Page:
Friday, May 13, 2011


Woody Allen, 1979, 93m

Woody Allen made this film at the age of 42. It seems to be very autobiographical and personal in a straightforward way, even though the events may not have occurred. It is a sentimental, nostalgic portrait of the city in which it is set and the dusky black and white photography to the score of George Gershwin, makes the ancient and weathered phenomenon that is NY spring to life, as it could only through the eyes of someone who grew up there. The skyline of tall buildings, the river with it's bridge, the crowds, people drifting along the walkways lost in reverie--everything is lovingly lensed. One of the best sequences is when the lead couple gets caught in a thunderstorm. The film has something of the turgid neon-lit metropolis of Taxi Driver, and something of the beauty of decadence one associates with the word parisienne. After all, NY must be the old world of the New World.

The story is an effervescent romance set among a group of people with minds occupied by culture, books and ideas, and their own fragile affairs--it seems like an accurate portrait of the kind of set of people Woody must have grown up with, somewhat weird in thought and expression, but ordinarily human enough just a bit below the surface. This gives Woody, braniac that he is, ample oppurtunity to exercise his wit and gentle sparkling brand of humor, as the script roves intelligently but shallowly over the fashionable topics of the young academic crowd.The dialog is laced with unselfconscious references to artists, philosophers and books, and the characters are smart enough to recognise their shallowness. It is a good enough movie for similarly inclined folk, who may be kept pleasurably entertained by the unending dazzle of the repartee. Diane Keaton's former husband, whom she extolls in a mixture of awe and hate, as an overpwering prodigy of virility and intellect, "who taught me everything",turns out to be a dimunitive, balding "homunculus". This is obvoiously humorously self referential and shows Woody Allens broad humanity which embraces gays, intellectual morons and homunculi like himself (all manner of peripherals and battered souls). Woody Allen is his good hearted, brainy,creative self. Diane Keaton is brilliant in her emotionally confused, culturally pretentious and high spirited role.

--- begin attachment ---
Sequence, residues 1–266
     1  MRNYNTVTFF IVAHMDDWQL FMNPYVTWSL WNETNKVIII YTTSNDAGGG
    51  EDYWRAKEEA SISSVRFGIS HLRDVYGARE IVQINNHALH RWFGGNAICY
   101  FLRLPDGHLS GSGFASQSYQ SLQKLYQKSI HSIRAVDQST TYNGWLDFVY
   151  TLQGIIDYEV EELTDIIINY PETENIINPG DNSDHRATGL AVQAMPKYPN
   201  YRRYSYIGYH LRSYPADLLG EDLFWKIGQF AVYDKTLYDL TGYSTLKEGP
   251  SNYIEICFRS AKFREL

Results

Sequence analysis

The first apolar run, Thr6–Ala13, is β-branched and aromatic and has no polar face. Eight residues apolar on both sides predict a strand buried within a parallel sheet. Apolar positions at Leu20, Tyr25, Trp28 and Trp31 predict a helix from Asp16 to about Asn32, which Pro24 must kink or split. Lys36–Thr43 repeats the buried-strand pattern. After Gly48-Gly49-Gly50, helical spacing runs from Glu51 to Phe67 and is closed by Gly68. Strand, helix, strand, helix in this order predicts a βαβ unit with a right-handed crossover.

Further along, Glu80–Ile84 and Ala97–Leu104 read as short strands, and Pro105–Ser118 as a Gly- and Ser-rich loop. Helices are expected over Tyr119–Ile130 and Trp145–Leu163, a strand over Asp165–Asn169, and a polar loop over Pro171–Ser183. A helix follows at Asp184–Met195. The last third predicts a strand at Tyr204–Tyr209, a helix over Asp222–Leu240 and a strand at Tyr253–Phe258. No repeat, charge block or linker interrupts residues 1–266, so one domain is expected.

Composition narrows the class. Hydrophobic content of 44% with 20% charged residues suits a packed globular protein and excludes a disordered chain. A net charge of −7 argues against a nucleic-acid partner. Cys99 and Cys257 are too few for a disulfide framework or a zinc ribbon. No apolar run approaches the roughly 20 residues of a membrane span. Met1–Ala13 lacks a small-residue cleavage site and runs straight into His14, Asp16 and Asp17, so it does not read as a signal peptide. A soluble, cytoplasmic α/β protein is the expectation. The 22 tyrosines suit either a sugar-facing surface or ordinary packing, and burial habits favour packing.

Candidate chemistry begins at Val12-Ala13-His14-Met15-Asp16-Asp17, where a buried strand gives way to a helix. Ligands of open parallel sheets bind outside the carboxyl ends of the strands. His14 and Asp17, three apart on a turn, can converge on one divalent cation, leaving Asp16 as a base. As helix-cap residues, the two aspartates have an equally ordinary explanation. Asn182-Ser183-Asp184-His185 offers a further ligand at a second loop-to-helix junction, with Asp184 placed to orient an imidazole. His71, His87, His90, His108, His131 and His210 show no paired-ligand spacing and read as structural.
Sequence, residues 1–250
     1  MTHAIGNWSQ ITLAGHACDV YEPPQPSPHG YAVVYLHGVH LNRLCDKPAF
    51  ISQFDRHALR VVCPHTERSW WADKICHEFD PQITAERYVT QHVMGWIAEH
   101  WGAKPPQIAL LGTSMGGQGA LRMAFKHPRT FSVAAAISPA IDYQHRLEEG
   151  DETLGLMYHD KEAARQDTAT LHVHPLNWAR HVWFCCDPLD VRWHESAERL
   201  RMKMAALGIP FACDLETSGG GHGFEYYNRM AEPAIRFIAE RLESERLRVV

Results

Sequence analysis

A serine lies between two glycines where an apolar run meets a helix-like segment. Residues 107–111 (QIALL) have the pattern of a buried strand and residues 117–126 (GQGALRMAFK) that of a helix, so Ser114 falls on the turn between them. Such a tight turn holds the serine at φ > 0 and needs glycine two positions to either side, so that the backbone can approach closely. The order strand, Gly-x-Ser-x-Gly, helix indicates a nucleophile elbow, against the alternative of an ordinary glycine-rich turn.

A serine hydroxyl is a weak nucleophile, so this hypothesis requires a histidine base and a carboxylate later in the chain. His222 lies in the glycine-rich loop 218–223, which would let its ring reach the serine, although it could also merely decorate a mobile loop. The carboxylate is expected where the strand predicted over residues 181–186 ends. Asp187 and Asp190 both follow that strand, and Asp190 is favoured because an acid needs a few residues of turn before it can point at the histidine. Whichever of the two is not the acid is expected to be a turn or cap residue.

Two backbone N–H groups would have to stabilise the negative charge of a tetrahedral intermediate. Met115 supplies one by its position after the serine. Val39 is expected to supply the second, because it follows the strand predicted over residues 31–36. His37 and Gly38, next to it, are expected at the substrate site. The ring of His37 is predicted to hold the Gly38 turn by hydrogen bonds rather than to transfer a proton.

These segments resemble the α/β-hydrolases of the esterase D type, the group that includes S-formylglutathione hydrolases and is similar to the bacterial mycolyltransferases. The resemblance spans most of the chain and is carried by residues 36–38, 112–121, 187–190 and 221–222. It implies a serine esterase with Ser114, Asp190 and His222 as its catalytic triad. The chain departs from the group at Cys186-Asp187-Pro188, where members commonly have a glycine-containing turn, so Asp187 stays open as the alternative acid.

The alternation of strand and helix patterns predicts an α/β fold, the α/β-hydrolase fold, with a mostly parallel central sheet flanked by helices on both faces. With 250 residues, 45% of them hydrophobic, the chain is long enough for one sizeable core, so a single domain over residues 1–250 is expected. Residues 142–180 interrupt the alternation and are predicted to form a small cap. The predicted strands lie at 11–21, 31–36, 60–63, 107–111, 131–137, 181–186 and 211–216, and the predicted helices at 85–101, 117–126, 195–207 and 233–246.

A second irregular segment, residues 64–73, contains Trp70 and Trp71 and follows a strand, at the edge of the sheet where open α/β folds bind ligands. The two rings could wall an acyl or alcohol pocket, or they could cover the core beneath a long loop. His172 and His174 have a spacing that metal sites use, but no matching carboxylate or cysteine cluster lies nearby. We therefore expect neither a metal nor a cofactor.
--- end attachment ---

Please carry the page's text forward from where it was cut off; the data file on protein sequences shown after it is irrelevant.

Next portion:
It is a film that often touches the heartstrings. It is a refined, polished yet shallow movie, as perhaps it is meant to be, because Woody Allen is not one to feign profundity about the business of life. It is also a movie about human rootlessness, even in the best of times and places.


Jack L said...

I liked this one, but nowhere near as much as Annie Hall.
To be honest, the whole relationship between Allen's character and the young teenager kind of put me off.
I look forward to hearing what you think about Annie Hall or some of his other films...

S. M. Rana said...

Jack L:

I've lined up a few and Annie Hall, as his best known, is sure to be one.

They say the libido doesn't wane so easily, if you remember the sage advice of the man with the ten foot beard towards the end of Love and Death.

Ronak M Soni said...

"because Woody Allen is not one to feign profundity about the business of life"
One of the things I love about him is that he's one of the few filmmakers/writers who's able to look at the world as a set of randomly interacting processes without feeling in the least discomfited by it; in fact, finding it extremely funny.

In one of his (so considered by us Anglophones; the French love these ones too, I'm told) bad movies "Hollywood Ending," Allen plays a dude who just directed a whole movie blind (it's stress blindness, and he desperately needs the money). And then he moves to France, because the French loved it.

S. M. Rana said...


Interesting facts!

Greg said...

I need to see more Woody Allen, particularly from his golden age, as it was, but I have an interesting story to tell you about Annie Hall. The first time I saw it, I enjoyed it but wasn't impressed. Then I saw the last half hour or so when I was in love with a girl who didn't love me, and I thought it was brilliant. So perhaps circumstances dictate one's reaction to Allen's films. :-)

S. M. Rana said...

You whet my appetit, sir! Woody Allen is really a nice encounter, and just the dialog is worth watching the films for. I'm looking forward to Annie Hall.

Ronak M Soni said...

You might find this interesting:

S M Rana said...


Thanks, Ronak, that was really worth thumbing through and quite a comprehensive overview, that to from a professional.